Restaurant group wants relief from country's highest minimum wage

Puget Sound Business Journal

Oct. 1, 2003

The Washington Restaurant Association said it plans to lobby the 2004 Legislature for relief for the restaurant industry, which is dealing with one of the worst economies in the nation, and is now facing the prospect of operating in the state with the highest minimum wage in the country.

The association's action is in response to Tuesday's announcement by the state that the minimum wage rate will increase to $7.16 per hour on Jan. 1, from the current $7.01.

The rate in Washington has increased each year since 1998, when voters passed an initiative linking annual rises in the minimum wage to rises in the federal consumer price index. The restaurant association said the hospitality industry has born the brunt of the increases, and it has specific reform ideas for lawmakers to consider.

The association said it plans to propose that when the state's monthly unemployment rate is higher than the national average, that month won't be used in the indexing formula. Washington's monthly unemployment rate has been above the national average since 2001.

"In essence, when times are good, the minimum wage would go up," the association said. "When times are difficult and jobs are being lost, the minimum wage would stay flat to protect jobs."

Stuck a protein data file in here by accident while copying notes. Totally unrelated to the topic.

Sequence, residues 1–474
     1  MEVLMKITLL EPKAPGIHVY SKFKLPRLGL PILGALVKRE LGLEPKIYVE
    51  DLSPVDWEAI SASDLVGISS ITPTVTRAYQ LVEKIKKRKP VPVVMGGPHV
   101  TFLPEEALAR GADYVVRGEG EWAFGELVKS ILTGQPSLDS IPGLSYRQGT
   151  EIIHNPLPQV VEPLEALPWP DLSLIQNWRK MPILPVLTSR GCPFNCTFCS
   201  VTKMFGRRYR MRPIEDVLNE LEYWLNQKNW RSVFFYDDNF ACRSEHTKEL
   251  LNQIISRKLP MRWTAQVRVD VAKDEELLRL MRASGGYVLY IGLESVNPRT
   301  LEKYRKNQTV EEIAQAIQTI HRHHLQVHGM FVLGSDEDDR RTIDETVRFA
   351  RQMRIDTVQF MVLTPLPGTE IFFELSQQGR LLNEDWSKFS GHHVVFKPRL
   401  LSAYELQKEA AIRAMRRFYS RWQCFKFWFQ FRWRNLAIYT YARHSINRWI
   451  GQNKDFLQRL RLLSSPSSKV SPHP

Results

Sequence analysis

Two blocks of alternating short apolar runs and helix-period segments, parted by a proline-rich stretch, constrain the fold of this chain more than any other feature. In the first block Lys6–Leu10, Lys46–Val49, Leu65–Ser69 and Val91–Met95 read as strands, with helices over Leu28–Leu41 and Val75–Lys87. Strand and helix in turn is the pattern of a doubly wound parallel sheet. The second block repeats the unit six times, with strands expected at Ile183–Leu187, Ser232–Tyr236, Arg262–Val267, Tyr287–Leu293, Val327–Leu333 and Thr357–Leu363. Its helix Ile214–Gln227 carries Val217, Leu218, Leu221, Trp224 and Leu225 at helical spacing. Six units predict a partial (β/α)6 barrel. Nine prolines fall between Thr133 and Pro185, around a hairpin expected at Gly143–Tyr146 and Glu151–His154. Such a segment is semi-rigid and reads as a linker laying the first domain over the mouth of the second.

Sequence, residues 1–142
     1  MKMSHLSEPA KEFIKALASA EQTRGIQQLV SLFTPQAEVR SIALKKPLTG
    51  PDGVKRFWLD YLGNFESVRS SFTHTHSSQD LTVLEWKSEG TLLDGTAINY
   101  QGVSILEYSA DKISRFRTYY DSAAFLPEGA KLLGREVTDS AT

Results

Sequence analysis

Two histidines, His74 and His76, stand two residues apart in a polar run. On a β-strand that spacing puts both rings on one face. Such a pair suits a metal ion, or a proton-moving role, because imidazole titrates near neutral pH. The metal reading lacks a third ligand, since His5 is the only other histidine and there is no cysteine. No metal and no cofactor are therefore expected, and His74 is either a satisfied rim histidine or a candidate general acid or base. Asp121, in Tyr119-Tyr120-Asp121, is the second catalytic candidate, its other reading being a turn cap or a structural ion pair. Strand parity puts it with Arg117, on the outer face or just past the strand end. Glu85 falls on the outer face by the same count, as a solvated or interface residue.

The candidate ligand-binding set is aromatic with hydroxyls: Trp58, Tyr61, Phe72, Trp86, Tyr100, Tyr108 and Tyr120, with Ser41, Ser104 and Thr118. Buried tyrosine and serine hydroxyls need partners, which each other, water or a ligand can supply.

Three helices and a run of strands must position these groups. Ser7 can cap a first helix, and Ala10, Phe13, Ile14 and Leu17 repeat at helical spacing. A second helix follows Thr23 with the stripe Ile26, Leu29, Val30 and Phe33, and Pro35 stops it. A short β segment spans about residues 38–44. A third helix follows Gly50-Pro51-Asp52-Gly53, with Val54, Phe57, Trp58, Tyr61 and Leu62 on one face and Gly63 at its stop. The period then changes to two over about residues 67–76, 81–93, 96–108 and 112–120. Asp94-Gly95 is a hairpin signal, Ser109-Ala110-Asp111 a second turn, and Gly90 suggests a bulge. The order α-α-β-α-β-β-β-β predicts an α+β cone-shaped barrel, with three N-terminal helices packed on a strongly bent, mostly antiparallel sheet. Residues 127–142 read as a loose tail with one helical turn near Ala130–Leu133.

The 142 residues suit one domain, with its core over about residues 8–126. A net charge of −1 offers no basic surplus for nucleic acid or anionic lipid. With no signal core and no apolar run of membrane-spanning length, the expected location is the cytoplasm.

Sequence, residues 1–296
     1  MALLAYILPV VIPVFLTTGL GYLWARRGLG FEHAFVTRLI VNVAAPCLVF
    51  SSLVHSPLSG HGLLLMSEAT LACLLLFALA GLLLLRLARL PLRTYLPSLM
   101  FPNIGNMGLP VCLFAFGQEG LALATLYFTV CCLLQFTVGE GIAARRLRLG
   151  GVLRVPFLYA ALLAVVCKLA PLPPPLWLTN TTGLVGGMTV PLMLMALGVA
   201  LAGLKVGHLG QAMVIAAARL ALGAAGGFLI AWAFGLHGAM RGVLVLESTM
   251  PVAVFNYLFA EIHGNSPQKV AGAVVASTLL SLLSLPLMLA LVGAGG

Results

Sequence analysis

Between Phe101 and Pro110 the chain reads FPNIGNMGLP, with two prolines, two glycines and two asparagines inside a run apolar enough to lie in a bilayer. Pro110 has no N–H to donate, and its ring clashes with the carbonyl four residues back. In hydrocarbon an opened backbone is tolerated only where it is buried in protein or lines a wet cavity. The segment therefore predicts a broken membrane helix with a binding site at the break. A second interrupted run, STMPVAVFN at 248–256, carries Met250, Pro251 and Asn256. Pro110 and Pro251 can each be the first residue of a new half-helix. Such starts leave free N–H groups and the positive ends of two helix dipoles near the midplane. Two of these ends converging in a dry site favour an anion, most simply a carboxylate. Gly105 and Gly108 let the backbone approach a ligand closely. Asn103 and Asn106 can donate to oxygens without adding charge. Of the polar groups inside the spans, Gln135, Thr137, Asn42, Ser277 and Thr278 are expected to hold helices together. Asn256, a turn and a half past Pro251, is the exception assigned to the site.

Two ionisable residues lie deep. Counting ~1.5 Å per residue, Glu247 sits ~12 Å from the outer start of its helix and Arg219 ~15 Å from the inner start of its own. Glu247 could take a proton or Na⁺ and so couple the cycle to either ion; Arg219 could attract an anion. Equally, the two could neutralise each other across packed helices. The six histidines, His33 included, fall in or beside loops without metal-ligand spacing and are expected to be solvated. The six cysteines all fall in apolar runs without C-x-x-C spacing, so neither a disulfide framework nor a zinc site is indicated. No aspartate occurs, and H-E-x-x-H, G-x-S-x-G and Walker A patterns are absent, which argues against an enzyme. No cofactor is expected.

Another measure the group will propose is allowing a restaurant to pay a tipped employee 50 percent of state minimum wage as their base wage, so long as the employee makes at least the minimum wage in tips alone. Currently, Washington state does not allow tips to count toward minimum wage payments, unlike the federal government and 43 states, the group said.

"Washington restaurants are in an economic crisis," said Gene Vosberg, president of the association. "As costs rise and margins fall, restaurants have been forced to cut labor costs -- which means real jobs for real people across Washington -- and the failure rate of restaurants will continue to increase. Restaurants simply cannot afford to incur any more costs and hope to stay alive."


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